Lincoln

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    Lounge VIP bobprimak's Avatar
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    Quote Originally Posted by Miriam Jacobson View Post
    None of my computers came with an OS CD - all of them were set up with a D: "Recovery: partition from which the OS may be reinstalled. Is there a way to create the BartPE or Linux or any other [but not Mac] boot disk from that partition?
    Yes, Miriam, there is a way (at least for OEM Windows XP Pro). Read on.

    Miriam, I have built BartPE disks from PE Builder with only my OEM Windows installation from the same laptop on which the BartPE disk will be run. Just select the Windows Directory from your C:Windows drive as your Source for the System Files.The program warns you not to do that, but as long as the CD is being built for that one specific computer, the process goes through perfectly well, and the resulting CD is bootable.


    Lincoln (Lounge Member), you are just plain wrong. What I just outlined is perfectly legal, and it usually works, although not for all OEM Windows installations.

    Lincoln Spector, I still would stick with the external optical drive. Even if your system lacks an optical drive, an external CD/DVD drive is a cheap and effective add-on. And one which might pay for itself the first time you use it to run a System Rescue Disk. You would have to set your Boot Order in your BIOS to start from the external drive (usually USB) but that's the only tricky part.

    And, Lincoln Spector, thanks for the tip on making a Windows 7 Repair CD. I'll get on that one in the morning.
    -- Bob Primak --

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    Tried to create the Win7 System Repair disk on USB stick. The CD was created and worked just fine. Followed the instructions to a "T" to create the USB version, copying over all files from the repair CD. Yes, Windows Explorer was set to show all hidden files and system files. The system, a brand new HP laptop with Win7-64, will boot to the USB repair drive, but I never get the little menu box that appears when I boot from the CD. Instead I just get blank screen with the default Win7 wallpaper, and I get a life preserver icon in the top left corner and a Red X option to exit in the upper right corner. My only option is to close out of the repair screen with the red X. The life preserver appears to be non-functional. Any ideas what I may have missed or done wrong?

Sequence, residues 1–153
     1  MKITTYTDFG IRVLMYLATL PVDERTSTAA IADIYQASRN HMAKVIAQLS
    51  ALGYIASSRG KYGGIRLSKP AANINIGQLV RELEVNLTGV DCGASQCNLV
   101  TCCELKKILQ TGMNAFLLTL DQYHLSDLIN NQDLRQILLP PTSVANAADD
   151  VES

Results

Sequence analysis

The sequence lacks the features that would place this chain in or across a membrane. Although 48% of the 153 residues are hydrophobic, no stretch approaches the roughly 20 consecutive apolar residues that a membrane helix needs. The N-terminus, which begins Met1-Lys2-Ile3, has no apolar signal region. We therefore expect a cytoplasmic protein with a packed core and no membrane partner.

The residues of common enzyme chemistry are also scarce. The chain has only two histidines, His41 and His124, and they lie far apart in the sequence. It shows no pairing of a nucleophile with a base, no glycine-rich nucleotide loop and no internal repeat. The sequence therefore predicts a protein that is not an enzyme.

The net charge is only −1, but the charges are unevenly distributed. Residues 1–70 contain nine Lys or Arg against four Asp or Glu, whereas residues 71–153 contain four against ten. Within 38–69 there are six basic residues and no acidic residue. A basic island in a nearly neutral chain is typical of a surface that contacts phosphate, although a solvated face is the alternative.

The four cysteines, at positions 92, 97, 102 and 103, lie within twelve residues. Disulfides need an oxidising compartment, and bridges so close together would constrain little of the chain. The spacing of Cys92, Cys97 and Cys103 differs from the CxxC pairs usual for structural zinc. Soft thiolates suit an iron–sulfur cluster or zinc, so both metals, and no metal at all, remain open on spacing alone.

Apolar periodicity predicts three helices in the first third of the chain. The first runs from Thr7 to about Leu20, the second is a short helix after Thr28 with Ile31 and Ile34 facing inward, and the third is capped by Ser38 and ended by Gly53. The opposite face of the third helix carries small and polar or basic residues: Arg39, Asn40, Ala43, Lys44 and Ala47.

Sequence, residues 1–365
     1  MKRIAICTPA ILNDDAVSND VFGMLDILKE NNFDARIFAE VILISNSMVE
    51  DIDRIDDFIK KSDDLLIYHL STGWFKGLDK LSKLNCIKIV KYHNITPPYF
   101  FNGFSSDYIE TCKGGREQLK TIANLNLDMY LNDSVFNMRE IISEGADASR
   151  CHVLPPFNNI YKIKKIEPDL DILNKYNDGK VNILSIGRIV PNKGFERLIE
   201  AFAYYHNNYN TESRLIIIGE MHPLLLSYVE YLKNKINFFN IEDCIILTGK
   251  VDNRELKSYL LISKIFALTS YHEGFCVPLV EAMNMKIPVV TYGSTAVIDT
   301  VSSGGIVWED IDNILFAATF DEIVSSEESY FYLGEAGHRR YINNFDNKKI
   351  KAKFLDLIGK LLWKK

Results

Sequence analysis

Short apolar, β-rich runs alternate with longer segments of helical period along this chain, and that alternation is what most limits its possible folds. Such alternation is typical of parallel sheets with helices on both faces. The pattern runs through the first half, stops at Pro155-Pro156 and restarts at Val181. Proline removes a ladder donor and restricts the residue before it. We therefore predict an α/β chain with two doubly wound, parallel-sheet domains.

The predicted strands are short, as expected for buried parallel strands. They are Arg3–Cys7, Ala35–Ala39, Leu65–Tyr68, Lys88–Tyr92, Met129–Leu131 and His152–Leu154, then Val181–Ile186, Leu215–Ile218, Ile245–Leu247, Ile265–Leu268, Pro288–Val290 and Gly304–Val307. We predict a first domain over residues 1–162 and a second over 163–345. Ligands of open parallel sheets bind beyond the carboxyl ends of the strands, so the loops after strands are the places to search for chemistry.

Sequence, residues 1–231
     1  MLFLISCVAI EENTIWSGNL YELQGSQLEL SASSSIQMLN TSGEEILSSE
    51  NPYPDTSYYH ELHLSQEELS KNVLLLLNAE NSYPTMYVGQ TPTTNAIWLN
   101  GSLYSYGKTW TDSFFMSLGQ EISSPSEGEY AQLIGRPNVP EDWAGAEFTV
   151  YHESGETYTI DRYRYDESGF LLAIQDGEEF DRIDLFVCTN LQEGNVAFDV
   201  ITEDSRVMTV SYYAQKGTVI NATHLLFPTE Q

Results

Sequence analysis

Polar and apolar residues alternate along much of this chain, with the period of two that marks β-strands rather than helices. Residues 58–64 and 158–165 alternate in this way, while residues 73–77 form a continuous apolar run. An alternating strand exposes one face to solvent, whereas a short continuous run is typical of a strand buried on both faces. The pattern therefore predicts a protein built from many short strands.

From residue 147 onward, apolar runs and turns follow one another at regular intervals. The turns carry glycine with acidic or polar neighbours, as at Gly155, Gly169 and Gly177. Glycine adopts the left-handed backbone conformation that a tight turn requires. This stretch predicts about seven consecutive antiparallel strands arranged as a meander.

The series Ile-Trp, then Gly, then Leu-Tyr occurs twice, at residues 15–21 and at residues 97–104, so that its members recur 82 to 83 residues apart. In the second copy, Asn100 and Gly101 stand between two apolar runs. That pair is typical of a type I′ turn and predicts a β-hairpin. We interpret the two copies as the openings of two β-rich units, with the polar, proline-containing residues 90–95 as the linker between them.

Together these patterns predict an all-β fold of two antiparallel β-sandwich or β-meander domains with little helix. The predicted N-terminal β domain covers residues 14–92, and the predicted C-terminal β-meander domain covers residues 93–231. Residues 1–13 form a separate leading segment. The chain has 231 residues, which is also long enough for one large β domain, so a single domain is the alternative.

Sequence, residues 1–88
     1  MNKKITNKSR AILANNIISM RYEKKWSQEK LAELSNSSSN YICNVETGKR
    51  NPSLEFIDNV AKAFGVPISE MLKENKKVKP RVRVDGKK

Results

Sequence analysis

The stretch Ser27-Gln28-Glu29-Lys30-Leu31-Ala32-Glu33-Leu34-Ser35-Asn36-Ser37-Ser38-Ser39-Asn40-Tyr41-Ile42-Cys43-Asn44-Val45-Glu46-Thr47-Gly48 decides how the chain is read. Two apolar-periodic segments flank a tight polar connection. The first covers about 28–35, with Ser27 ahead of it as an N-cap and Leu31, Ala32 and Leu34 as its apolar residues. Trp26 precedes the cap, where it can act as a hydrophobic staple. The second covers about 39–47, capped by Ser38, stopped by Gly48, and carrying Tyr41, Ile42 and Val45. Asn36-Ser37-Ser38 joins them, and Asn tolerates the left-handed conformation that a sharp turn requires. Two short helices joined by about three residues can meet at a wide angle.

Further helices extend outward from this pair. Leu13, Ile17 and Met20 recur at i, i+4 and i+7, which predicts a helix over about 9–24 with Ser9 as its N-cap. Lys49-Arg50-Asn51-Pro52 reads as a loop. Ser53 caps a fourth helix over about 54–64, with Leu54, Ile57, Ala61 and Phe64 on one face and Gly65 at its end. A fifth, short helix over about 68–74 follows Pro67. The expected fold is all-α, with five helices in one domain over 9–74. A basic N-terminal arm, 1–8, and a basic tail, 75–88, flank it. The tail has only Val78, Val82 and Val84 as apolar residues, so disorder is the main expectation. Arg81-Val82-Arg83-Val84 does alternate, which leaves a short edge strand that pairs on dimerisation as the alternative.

Wayne

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    Super Moderator CLiNT's Avatar
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    I built a BartPE disk a few years back from an old Dell OEM Windows XP Pro disk for which I still have use for
    on my XP Pro laptop, and other peoples XP installations that have gone South.
    The computer is long gone, but the BartPE disk is still very usefull to have around.
    DRIVE IMAGING
    Invest a little time and energy in a well thought out BACKUP regimen and you will have minimal down time, and headache.

    Build your own system; get everything you want and nothing you don't.
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    Lounge VIP bobprimak's Avatar
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    Quote Originally Posted by Lincoln View Post
    Hi, Bob.

    First question: The system repair disc is not hardware specific. Create it on two different Win7 machines and you'll have two identical disks.

    2nd question: Honestly, I don't know. When researching this article, I found these instructions (or variations on them) in several sources. One thing they all agreed on was fat32. Anyway, it's generally recommended that you use FAT32 for external media where possible because of greater compatibility, although I wouldn't think that would be too much of a problem with a bootable drive. NTFS really doesn't offer any advantages in a situation like this.
    The real reason for using FAT-32 is that Flash Drives are always formatted in FAT-32. They don't come any other way. That is why you need to use FAT-32 end to end.